Truthfully, I did not witness this.  I learned of it through the news on the radio and from the talk of the people living around the lake, both of which condemned the massacre of six tradesmen who were returning from Cerro de Oro with a truckload of avocados.  At the said location, they were all shot, and their bodies were strewn over the road.  It is said that one of the assassins, seeing that one of the victims still lived, pulled out a sharp machete and split open his chest and neck.  It was said that these killers were thieves, although no concrete evidence supported this.  What was known for sure was that six victims were naturales and residents of Santiago Atitlán, Sololá.  The truck driver was a Ladino.  He was able to save his life, although he received many blows.  He said he was told to drive the truck to the town, and he did as he was told.  It was clear that in our Tzutuhil town of Santiago Atitlán there was no longer any respect for human rights.

The [following] event took place on Sunday, 21 October 1990.  In the night, it is said, all the zajorines were gathered together in the cofradía of Santa Cruz, the same place where they worship Maximón.  The zajorines had gathered together to perform a costumbre to Maximón in order to pray for a miracle to eliminate the violence and killing.  Everything was prepared, when suddenly, minutes before the ceremony was to begin, a man with his face covered entered the cofradía.  This man then asked all those present, with the exception of the alcalde of the cofradía, Don Martín Quejú, to leave, as he had some business to discuss with the alcalde.  The zajorines complied and went outside.  The alcalde, Martín Quejú, and the primer zajorín [first shaman] remained inside.  After a few minutes, shots from an automatic weapon rang out.  It is said that the man with the covered face, after having murdered Señor Quejú, calmly walked out onto the street and left.

When the rest of the zajorines reentered the cofradía, they saw the body of the alcalde bathed in blood.  He had been killed with fifteen bullet wounds.  Also, Maximón had been wounded by gunfire and was half destroyed.

Preparing the Cofradía

20 May to 22 June 1993

On 20 May we bought paint the color of sky blue.  The mayordomos painted the house [one room, inside and out], but three days earlier we had washed the walls and the loft with water.  On this day my wife and I provided lunch for the cofrades.  I told them that on 13 June we would begin to collect the decorations but that it would be in the afternoon because we also needed to work in our fields.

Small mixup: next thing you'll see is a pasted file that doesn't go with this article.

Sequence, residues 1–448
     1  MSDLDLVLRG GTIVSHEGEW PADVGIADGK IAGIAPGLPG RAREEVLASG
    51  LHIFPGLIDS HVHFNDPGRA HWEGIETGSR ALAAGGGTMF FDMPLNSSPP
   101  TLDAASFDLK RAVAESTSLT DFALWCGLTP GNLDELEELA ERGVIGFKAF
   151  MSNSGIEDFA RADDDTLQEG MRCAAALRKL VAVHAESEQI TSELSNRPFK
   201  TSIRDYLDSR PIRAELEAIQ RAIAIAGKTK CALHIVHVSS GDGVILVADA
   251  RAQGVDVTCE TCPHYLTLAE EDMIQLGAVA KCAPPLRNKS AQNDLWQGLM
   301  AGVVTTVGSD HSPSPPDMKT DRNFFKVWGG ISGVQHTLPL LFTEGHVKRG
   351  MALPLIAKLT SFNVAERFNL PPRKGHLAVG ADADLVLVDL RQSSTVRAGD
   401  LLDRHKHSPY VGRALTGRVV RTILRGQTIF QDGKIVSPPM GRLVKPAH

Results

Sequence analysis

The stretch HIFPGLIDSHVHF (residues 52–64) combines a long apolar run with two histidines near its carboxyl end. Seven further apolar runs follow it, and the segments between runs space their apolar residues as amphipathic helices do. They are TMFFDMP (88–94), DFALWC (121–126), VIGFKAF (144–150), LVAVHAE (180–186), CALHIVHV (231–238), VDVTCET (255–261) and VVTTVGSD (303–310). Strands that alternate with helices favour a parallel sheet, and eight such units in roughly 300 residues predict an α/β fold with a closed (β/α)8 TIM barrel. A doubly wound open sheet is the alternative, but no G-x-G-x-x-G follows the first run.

Thus it was.  The truth is that we liked preserving a little of our heritage.  The juez bought the bombas and the manteles [tablecloths], and I obtained the flowers to decorate the area where the image of the saint would be placed.  The nineteenth of June I went to Santa Ana to buy the pox lak' flowers.

What kind of flowers are these?

They are small yellow flowers that grow on a plant that has small leaves.  They can last sixty to ninety days without water.  Since Ladinos don't use them, I don't know their name in Spanish.

They are flowers that our ancestors used in the past.  In Santa Bárbara, we asked for them at many houses until we finally found them.  But because there wasn't enough of them, we had to pay a mozo to look for more flowers in the mountains.

On Sunday, 20 June, we began to tie special white sticks (used by our fathers) in grids under the part of the ceiling that covers the altar of the holy image.  We planned to attach aromatic leaves and flowers to the grid.  We finished at nine o'clock at night on 22 June.

Then I went to the mountains to look for some aromatic leaves that in the Tzutuhil language are called c'o jotz, but I don't know what they are called in Spanish, since only we natives use them.  By the grace of God, everything went well.

I was on the mountain alone when a woodpecker arrived to sing.  We Maya worry when a woodpecker sings on the left side of a person, which is considered a bad omen, but when it sings on the right side of a person, it is considered a good omen, or sign of good luck.  Thus it was when a woodpecker blurted out a song above in a tree that was directly in front of me, not to the left or to the right.  The truth is that it troubled me and I said, "Woodpecker, guardian and alguacil of the world, are you giving me good or bad advice?  May the god of heaven and earth bless you and me."

The bird sang only one song.  After picking the leaves, I walked slowly down the mountain because it was steep.  At three o'clock in the afternoon I arrived home. 

Order Joseño from:  Barnes and Noble or University of New Mexico Press or AddALL  or

Guatemalan Fabric

Home     Publications     About the authors     Reviews of Joseño